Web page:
Migration: International Residency Exhibition @ The Art House
A leaded glass window in the Art House foyer frames and partially blocks a visitor’s view into the Migration: International Residency Exhibition that unfolds beyond. ‘Demarcation’ by Bijan Amini-Alavijeh is a window without walls, supported by a single strut. ‘Encumbrance’, a neatly built thigh-high wall of mud bricks in the main exhibition space is its sister work; the wall that ought to house the window, now displaced. In their separation, instead of evoking the domestic comforts of home, the wall becomes a boundary or barrier.
Amini-Alavijeh’s simple architectural interventions introduce concerns that recur throughout the exhibition—a partnership between The Art House and Wakefield City of Sanctuary, initiated by artist Ivan Smith. It shows the work of nine artists (plus two associates) invited to spend a month in Wakefield. Their challenge was to produce work on the ‘migration’ theme. Artists visiting from Belize, Mexico, Iran, and India joined local and non-local UK residents to bring varied levels of familiarity or experience to the theme. Amini-Alavijeh (UK), a recent graduate from Manchester School of Art, adapts formal concerns manifest in previous work as abstract, geometric painting to a more politicised bent by shifting his medium. Encumbrance’s raw material comes from an allotment cultivated by Bryan, a Zimbabwean asylum seeker. Mud, walls and windows provide both practical, physical materials and resonant metaphors. A dual reference to material and symbolic conditions of migration continues throughout the show.
Andy Singleton (a Wakefield native) similarly adopts an existing formal mode, using his signature intricate paper cutting technique to produce Sea Defence, a cutaway-geology-diagram of a sculpture (but representing sea not land). The sculpture and accompanying drawings posit water—like mud—as a global material that both connects and divides. It reminds one of the frequent recent deaths of migrants, drowning in flimsy vessels at sea, making paper’s ephemerality more relevant than simply as a show of technical dexterity. This segment of sea recalls too a flat earth rendition of the world and brings to mind the idea that, like this archaic world-picture, contemporary political views post-Brexit are blinkered or narrowly informed.
Participating artists received a strong steer by the project’s partnership with Wakefield, City of Sanctuary, who offer support to refugees and asylum seekers. Nevertheless artists were given an open brief. Joe Cotgrave (UK) whose practice explores his status as an HIV positive gay man took migration alternatively as a way of describing biological movement of a virus, depicted in ‘[UD]’ as semi-abstract animations on two mini-LCD screens. Making an analogy between cruising in physical space and digital ‘cruising’ on apps like Grindr, the animations are paired with a tiled, plinth-like construction that suggests a bathroom, clinic, or (as hinted by the sign-like phallic neon aubergine that adorns it) a gay sauna. Associate artist Emily Simpson (UK) also considers the relationship between life on and offline in her mixed media installation ‘Erm…’ A floor-positioned laptop shows seemingly stream-of-consciousness typed messages, peppered with text-speak abbreviations, contemplating the possibility of living in a “massive grey area”. Utterances like: “AVOCADOS, STOP BUYING AVOCADOS” evoke #firstworldproblems, yet the work effectively prompts some reflection on inequality between migration of digital information online and of bodies in the physical world.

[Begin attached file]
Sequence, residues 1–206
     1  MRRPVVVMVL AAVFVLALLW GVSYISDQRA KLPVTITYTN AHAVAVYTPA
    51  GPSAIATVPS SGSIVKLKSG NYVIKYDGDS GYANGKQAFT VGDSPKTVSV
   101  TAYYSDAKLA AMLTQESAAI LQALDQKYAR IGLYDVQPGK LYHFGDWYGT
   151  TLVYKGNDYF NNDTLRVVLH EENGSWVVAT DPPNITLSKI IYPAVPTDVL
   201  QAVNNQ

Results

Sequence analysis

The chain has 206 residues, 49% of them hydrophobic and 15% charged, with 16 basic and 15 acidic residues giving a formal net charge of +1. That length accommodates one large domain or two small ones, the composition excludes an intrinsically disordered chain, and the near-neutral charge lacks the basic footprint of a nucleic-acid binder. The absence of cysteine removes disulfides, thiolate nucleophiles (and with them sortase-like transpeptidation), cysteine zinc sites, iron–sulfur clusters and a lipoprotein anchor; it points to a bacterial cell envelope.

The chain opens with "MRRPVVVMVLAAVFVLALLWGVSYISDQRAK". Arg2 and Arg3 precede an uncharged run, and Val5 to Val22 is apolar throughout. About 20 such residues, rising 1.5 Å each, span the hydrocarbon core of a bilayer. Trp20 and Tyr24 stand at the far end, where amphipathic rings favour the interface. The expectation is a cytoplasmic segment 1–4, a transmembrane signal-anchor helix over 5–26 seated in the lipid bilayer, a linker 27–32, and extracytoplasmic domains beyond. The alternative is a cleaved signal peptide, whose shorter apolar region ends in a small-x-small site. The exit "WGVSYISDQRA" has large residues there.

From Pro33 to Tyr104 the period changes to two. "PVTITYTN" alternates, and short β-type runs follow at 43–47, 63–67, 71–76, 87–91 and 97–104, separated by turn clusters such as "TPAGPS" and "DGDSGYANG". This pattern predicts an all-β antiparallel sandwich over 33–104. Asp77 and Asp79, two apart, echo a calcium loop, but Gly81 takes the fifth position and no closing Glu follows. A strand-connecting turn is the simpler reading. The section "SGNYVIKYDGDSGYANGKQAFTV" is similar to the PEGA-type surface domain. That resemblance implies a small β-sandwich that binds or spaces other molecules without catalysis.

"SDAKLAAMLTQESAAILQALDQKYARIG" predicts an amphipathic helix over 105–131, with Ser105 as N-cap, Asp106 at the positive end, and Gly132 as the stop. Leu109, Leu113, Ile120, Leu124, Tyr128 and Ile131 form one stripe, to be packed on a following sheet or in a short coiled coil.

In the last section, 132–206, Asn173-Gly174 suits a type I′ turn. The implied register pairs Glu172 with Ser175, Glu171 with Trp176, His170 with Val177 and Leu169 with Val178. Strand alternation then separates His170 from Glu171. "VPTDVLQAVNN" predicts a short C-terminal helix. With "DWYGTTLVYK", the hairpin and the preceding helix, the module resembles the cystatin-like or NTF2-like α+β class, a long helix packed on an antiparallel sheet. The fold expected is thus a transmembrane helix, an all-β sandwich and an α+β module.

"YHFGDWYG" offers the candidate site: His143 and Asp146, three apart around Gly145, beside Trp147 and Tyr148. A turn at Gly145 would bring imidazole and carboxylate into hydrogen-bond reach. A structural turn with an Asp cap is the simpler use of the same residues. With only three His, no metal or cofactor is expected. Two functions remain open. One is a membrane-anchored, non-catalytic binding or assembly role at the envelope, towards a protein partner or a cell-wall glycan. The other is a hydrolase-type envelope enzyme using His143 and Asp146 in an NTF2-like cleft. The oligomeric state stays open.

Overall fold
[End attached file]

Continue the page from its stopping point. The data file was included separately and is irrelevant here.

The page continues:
Other artists worked with people they met through City of Sanctuary. Juan Cristóbal Gracia (Mexico) paid refugees and asylum seekers £36.95 (equivalent to a week’s allowance from the Home Office) to copy three charcoal drawings. This in itself raises questions about the ethics and the economics of migration, whilst the content of the drawings adds further meaning. They depict the character John Bull (an eighteenth century personification of England), a quotation fictionally attributed to Bull, “Law is a bottomless pit” (also the work’s title), and a sheet of paper totally covered in charcoal. Bull is a legacy of the age of Empire; first designed as a satire but later coming to be seen as a symbol of freedom and loyalty to the king. In each drawing—copied from the previous—the character is degraded, a deterioration that might be interpreted in several ways. The diminishing of an idea (the nation state), the obscuring of a particular political history where a powerful country supports migration when it suits economically, but derides it when it doesn’t. Or it could represent the ‘Chinese whispers’ that occur in migrating communities about where and how is safe to travel. In spite of the global flow invoked by Simpson, information is not equally available to all. The repeated dense black and brown pages in the work’s gridded arrangement are like a void of despair, the bottomless pit of the asylum system.
Perhaps wary of parachuting into vulnerable people’s lives, the artists who worked with migrant communities did not place individuals or personal stories front and centre, focusing instead on social or symbolic practices. Kate Genever’s (UK) ‘The Last Thing That’s Necessary But Everything That’s Needed’ almost visualises this approach. A series of photographs show bunches of flowers on wood-effect laminate, institutional tables; people are present but in the background. Like TV documentary subjects recounting traumatic events their faces are cropped out of shot. Affected by the generosity of volunteers who run drop in centres, Genever foraged wildflowers to gift to them. Generosity as a topic continues in her other works that show, for instance, the open hand gestures used by volunteers or the simple phrase “I see you” rendered in neon. However, the disparate formal and verbal language of these pieces makes them less powerful than the simple token of flowers, which Genever will continue by sending flowers to Wakefield’s Urban House, Initial Accommodation Centre, for a year.